Cult Corner

Vintage and Bizarre Audio-Visual Creations

Ever since I was a little kid, I’ve always been fascinated with the kind of audio-visual equipment that makes sound and/or pictures. My childhood memories are filled with Give-A-Show projectors, Close-n-Play record players, View Masters and other primitive entertainment devices which nevertheless sparked my young imagination.

I was always especially excited because my parents know how much I was into it, and I was sure to find yet another gift under the Christmas tree or at my birthday party to thrill my electronically-oriented mind. Even in school, when the teacher ran those beat-up old educational films, I preferred to watch the machinations of the 16mm projector instead of the movie itself.

One of the wonderful things about the Web is the ease with which you can research such ephemera and discover some surprising things along the way. Here’s a stream-of-consciousness list of some unique, strange and downright ridiculous inventions that I uncovered. Here are a few of them:

The bizarre Highway Hi-Fi in-dash record player.

In 1956, Chrysler brought the first in-dash record player to the American automobile market. Dubbed the Highway Hi-Fi, it only lasted a year because of several roadblocks.

First, it required special records, so users had to buy their favorite tunes all over again in the new format. Second, the Highway Hi-Fi was only available in new vehicles, not as an aftermarket item, so that slowed down adoption considerably.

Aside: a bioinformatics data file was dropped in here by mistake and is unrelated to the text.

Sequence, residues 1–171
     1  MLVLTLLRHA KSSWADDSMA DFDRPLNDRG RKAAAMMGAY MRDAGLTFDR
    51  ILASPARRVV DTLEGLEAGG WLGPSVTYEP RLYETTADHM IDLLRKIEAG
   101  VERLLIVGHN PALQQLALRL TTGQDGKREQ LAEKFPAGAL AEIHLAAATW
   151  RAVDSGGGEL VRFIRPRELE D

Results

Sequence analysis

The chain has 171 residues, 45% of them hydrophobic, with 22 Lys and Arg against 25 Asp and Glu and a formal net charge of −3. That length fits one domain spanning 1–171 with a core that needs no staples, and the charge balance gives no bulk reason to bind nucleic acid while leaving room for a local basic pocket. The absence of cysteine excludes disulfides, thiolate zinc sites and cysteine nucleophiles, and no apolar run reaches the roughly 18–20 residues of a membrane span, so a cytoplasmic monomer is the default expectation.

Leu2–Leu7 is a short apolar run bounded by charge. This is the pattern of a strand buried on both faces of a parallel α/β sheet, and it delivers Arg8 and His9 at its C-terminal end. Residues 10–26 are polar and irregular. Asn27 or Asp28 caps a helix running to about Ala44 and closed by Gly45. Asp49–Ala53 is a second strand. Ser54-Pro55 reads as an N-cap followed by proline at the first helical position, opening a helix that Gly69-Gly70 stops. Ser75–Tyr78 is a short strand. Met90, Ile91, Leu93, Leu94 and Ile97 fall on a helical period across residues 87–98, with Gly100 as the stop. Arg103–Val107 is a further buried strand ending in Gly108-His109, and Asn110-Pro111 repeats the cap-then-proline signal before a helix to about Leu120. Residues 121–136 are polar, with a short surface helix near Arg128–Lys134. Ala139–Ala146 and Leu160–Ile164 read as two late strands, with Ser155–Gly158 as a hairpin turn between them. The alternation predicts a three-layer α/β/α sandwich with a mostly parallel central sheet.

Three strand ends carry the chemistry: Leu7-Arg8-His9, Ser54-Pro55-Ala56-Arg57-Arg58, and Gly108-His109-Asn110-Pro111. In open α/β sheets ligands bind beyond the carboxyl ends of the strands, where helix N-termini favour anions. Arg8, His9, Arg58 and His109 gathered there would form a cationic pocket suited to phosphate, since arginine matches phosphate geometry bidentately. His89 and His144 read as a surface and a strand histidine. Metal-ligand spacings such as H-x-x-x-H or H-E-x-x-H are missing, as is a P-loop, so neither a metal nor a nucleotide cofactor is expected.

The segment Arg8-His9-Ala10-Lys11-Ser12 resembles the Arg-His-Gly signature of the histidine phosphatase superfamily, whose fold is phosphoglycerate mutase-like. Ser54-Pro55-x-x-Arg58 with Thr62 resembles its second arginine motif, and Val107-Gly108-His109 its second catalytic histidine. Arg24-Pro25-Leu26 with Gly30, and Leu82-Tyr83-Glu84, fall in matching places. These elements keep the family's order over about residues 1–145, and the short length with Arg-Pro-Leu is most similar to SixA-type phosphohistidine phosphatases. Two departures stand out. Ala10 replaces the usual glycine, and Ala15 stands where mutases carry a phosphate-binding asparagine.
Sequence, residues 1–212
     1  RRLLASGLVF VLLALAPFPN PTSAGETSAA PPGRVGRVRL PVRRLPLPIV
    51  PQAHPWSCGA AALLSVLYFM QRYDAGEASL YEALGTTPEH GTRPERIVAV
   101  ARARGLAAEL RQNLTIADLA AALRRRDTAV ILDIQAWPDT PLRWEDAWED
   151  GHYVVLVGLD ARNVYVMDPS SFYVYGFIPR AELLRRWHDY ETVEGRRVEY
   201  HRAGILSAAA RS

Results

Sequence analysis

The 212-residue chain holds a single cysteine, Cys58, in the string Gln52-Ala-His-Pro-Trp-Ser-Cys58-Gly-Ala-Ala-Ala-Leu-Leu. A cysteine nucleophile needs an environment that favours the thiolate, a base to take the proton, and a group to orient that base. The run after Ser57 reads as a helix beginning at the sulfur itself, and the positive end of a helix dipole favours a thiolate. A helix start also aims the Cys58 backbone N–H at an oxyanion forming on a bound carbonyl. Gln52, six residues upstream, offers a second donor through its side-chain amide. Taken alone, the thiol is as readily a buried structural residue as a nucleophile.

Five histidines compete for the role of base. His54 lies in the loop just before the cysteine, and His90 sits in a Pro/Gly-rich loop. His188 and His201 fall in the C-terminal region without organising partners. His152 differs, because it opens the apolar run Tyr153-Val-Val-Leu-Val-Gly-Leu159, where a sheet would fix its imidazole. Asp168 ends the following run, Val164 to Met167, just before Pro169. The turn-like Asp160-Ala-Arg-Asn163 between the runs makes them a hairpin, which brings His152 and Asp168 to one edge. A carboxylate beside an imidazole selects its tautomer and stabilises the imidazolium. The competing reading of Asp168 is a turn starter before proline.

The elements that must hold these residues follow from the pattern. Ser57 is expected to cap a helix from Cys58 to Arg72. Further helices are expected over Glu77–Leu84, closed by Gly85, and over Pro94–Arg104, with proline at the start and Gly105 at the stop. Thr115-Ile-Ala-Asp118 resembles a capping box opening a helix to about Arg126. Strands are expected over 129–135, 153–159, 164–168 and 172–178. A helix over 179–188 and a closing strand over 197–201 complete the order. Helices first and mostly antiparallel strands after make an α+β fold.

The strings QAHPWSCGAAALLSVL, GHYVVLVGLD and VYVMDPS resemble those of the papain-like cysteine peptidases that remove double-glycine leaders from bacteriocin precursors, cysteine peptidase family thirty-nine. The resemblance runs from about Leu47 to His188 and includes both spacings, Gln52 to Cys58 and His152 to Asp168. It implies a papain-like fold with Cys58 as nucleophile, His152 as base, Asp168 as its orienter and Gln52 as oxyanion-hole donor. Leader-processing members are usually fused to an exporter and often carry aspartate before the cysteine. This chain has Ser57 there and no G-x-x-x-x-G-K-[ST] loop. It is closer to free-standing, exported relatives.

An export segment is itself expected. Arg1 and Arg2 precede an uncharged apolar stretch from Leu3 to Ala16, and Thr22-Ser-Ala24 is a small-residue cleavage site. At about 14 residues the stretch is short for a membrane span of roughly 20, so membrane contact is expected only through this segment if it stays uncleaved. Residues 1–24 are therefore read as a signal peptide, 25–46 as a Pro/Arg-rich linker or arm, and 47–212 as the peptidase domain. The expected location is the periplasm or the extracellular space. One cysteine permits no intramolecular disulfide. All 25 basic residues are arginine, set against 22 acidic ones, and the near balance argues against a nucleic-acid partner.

Finally, the device tended to break down frequently, and Chrysler didn’t want to provide all that costly maintenance since the cars were still under warranty.

How did a record play in a car without skipping all over the place, you may ask? The special Highway Hi-Fi discs moved at a slower speed than regular records and the turntable and tonearm were elaborately padded and counterweighted to prevent skating. But think of how bad the fidelity must have been. As a rule, the slower a record turns, the poorer the quality is. Ever heard a 16 rpm record? More hissing than a nest of snakes.

RCA tried it again in 1960 with regular 45 rpm records in a jukebox setup and Phillips tried aftermarket turntables, but the advent of tape cartridges quickly put an end to the experiment.


In the 1980s, the popularity of the cassette tape-based Sony Walkman gave birth to the ultra-bizarre Sound Burger from Audio Technica. Essentially a portable record player capable of playing 33 1/3 and 45 rpm discs, it worked as a spinning clamp with the tone arm affixed to its side.

You couldn’t jog or walk with the Sound Burger, however — it required a flat surface to play properly. There were no speakers, but it came with the earbuds that have become so ubiquitous with the advent of iPods (and which still don’t fit in my ears). It also had a built-in preamp and audio jacks so that speakers could be connected directly to it.

Surprisingly, the sound quality of the Sound Burger is supposed to have been very good, and it’s coveted by collectors of vinyl ephemera. You can find them on eBay from time to time, but they’re not cheap. Crosley, the company that sells reproductions of classic turntables and record players, offered an updated version in 2010, renamed the Revolution (get it?), but it has also been discontinued. If you hunt around, though, you can still find one on resellers like eBay, Amazon, NewEgg, etc.

No, I don’t know why it was called a Sound Burger. It looks more like an outdoor thermometer.


Polaroid, the instant film company that has gone through many hands, is evidently giving it another shot with a brand-new line of its old-school style of One Step cameras and film, offering instantly-developed print pictures, just like the 1960s Swinger. In its attempt to cash in on the nostalgia wave, I wonder how the new company is doing?